Ethics & Public Policy Center

Holy Man

Published in EPPC Online on October 1, 1998



Holy Man, written by Tom Schulman and directed by Stephen Herek at first looks as if it is going to be a more successful exercise in Hollywood metaphysics than the dreadful What Dreams May Come. Set in the cutthroat corporate world of the Good Buy Home shopping network, run by the splendidly nasty John McBainbridge (Robert Loggia), it presents us with the familiar trope of the mysterious stranger, dressed in a kaftan and calling himself only “G” (Eddie Murphy), who comes to teach us what is really important in life. It is a good idea and doubtless helpful to those both in and out of the rat-race—or it would be if the film itself had anything but the vaguest idea of what, in fact, is really important in life.

Ricky Hayman (Jeff Goldblum) is the network’s chief executive but his life is “hanging by a thread.” His sales are down, his debts are catching up with him and McBainbridge is threatening to fire him. But he has to act confident, put on a show. Occasionally, he goes into the closet and says a little rhyme as a kind of prayer:

Good, better, best,
Never let it rest,
Till your good is better,
And your better is best.

It is the salesman’s ethos, a kind of desperate belief in the power of positive thinking. But it doesn’t seem to be doing him much good until G arrives in his life at the same time as a sit-com type gal called Kate (Kelly Preston), an Ivy League hot shot who puts down his clumsy expressions of romantic interest with clever one-liners. Ricky naturally thinks that the homeless guy in a kaftan is a bum, or perhaps a mugger, and tries to shake him off, but the tender-hearted Kate shames him into taking him into his own home. There, obviously, there are rich comic possibilities, but one also begins to have the sense of something more interesting when G. puts in an appearance at one of Ricky’s parties and offers to cure Nino Cerruti (appearing as himself) of his fear of flying. To do so he hypnotises him and puts him through a counterintuitive scenario of a plane crash, where he knows he is going to die, and then instructs him to think of his loved ones and his happy memories and of being (gulp!) “At one with God.”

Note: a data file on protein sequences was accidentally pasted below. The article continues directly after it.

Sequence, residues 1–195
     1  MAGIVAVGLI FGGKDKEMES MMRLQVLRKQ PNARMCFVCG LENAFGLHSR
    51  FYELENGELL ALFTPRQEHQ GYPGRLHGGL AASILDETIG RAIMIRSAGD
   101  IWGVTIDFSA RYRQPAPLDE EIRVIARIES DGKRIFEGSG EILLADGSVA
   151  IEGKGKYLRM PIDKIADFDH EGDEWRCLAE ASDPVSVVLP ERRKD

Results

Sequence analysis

It is the only moment at which the G-word is allowed to appear in full—and the last moment, unfortunately, at which one might hope for some spiritual content that is not merely anodyne. When G gets his own show, called “The G Spot,” and becomes a star on the home shopping network by spouting “a mixture of higher thinking and lower prices” we are left with a very sketchy idea indeed of what the higher thinking consists of. “That’s what life is all about,” he says at one point. “Connecting—the only time you’re really alive.” Well, yes. But apart from the oddness of saying it on television, there is not so much remarkable about saying so that we should require a holy man to tell us so.

The one thing that might make the picture worth seeing if you have to go to a movie this weekend is the jokes at the expense of on-air commerce. Betty White, for instance, says she’s 67 and she’s made love twice today. Her secret is “Clam,” the mysterious fragrance of the sea. And then there’s Dan Marino advertising “Hood Buddy”—a pot that cooks your dinner on top of the engine in your car or truck. But in the end the picture is forced to fall back on the blossoming romance between Ricky and Kate because it knows, as we know, that “philosophy, a higher state of consciousness and non-stop shopping” is as preposterous an idea as old man McBainbridge first thinks it is.

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